A cosy spot off the main thoroughfare of Chapel Allerton, this Mexican eatery lured us in off the street on a cold evening with its softly lit interior and twinkling fairy lights around the bar.
A square room with three rows of tables, it’s tightly packed without feeling impersonal and I was pleased to be able to view the chefs hard at work in the kitchen through a serving hatch at the back of the room - a touch that always gives me a measure of confidence in the food on my plate.
Somehow I had conspired to pick this venue on a night when it was overrun with a massive party of young children, here marking some special occasion. It made for a loud setting and was almost full; the staff busy when we entered.
We had to approach the bar to ask if there was anywhere for us to dine, and we were offered the last remaining seats, a choice of two perches on tall chairs and bistro bar tables - we elected for the pews against the front windows so we could people watch.
I had emailed ahead that afternoon to book and mentioned that I had not heard back. Their answer was that they don’t always check their emails, which was disappointing - so ring ahead if you’re anxious to ensure a table.
Despite the initial din - the noisy children gradually left as the evening wore on - this was a warm, cosy spot with character; framed Mexican-themed pictures scattered on the walls and a lamp with astronomical shapes hung above our heads.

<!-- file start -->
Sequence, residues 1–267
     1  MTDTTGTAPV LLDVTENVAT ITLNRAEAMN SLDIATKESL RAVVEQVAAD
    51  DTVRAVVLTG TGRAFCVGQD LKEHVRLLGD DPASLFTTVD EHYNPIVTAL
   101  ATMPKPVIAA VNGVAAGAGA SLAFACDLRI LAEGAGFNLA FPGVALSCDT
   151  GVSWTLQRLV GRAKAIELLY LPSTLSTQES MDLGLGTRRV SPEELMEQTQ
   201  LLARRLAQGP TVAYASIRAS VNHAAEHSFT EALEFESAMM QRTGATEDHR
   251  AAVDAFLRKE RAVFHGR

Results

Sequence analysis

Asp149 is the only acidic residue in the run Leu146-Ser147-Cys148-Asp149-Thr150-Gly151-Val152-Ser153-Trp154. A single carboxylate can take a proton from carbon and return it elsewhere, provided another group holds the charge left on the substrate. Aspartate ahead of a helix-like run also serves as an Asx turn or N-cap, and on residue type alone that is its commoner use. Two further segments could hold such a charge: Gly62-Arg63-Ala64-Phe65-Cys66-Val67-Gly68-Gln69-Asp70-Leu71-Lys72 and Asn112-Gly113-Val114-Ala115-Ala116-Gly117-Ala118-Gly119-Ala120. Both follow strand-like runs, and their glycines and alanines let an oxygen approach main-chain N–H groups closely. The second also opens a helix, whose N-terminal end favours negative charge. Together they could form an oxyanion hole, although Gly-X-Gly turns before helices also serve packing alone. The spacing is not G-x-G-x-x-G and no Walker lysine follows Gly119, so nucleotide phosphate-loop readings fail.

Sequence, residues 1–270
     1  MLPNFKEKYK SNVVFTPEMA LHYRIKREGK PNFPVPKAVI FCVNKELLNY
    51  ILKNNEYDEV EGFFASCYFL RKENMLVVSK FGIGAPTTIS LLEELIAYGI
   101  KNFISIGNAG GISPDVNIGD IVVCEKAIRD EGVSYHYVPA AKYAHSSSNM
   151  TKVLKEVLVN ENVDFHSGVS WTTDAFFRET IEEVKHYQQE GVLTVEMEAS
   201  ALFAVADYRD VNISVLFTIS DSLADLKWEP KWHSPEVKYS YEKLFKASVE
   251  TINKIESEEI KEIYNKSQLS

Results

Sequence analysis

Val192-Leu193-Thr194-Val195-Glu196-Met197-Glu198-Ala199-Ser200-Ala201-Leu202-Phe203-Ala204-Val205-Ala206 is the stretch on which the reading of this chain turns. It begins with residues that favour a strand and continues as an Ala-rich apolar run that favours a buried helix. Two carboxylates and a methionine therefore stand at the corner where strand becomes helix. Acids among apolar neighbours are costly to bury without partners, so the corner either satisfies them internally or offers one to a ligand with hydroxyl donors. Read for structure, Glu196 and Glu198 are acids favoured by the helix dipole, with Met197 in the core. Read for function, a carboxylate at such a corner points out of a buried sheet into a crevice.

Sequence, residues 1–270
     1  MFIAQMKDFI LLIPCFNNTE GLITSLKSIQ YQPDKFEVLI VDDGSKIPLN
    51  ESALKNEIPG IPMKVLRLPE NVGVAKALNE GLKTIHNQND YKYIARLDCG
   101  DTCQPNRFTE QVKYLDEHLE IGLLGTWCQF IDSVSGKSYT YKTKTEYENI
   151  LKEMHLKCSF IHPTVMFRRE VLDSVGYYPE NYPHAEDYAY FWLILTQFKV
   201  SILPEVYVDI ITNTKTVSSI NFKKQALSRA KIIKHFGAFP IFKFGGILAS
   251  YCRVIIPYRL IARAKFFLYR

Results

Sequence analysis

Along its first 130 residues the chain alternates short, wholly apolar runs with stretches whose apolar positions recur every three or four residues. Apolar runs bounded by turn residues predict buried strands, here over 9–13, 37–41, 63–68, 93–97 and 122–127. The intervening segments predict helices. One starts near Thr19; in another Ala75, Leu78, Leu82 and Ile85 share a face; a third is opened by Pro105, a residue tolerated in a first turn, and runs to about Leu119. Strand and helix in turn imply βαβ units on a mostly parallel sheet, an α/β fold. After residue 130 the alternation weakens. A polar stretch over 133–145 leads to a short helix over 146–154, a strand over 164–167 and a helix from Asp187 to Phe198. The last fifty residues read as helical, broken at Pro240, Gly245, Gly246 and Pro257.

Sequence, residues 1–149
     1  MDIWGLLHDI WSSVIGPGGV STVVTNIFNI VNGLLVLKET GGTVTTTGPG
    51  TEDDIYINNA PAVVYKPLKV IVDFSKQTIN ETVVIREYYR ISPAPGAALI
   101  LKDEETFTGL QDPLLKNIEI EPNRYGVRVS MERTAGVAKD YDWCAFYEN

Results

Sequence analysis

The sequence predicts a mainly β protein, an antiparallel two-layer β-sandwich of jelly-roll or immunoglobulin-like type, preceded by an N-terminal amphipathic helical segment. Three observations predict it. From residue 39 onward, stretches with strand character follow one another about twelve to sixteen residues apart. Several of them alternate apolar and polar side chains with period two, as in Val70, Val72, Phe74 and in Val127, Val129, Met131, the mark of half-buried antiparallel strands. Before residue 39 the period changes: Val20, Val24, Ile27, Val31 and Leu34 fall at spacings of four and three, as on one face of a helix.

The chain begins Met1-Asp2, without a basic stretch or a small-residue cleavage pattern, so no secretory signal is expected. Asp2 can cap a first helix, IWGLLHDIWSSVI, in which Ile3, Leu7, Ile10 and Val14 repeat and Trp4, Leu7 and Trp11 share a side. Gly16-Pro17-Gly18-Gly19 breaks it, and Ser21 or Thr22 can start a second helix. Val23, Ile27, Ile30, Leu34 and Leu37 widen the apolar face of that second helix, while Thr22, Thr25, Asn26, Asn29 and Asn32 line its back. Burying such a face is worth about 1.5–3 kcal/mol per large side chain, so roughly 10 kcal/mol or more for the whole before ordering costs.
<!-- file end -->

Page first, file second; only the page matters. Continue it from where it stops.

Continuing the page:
The menu had plenty of choice with lots of interesting takes on traditional favourites from the South America country. Our waitress explained that it was best to either order a ‘big meal’ - enchiladas or burritos for £10.50 each - with a smaller dish or to pick a selection of two or three of the smaller dishes each - tapas style and priced between £3.75 and £6.50.
We opted for the latter, choosing spicy marinated pork ribs, prawn and cod ceviche, sweet sticky pork sopes and a Mexican-style chile con carne.
The sauces on the ribs and sopes was satisfyingly sweet but the ribs had a tad too little meat on them, although it did slip off the bone nice and easily, and the sopes could have done with a little extra sauce, leaving it a bit dry.
The con carne was served on a bed of yellow rice adorned by a thin crispy popadom-like cracker, topped with the spicy mince and kidney beans, and drizzled with cooling plain yoghurt, raisins and nut shavings. It was delicately delicious and came in a hearty portion that offers plenty for two diners to share.
The ceviche was equally tasty. It was served cool and fresh; a sweet sharpness that revitalised the palate.
Thrown in with an orange juice and table water, the bill for our full bellies came to about £22 - I’d steered clear of the organic wine, mezcal and tequila on the menu!
Overall, it was an innovative take on Mexican dining set in comfy surroundings. A response to my reservation request would have earned it a higher score.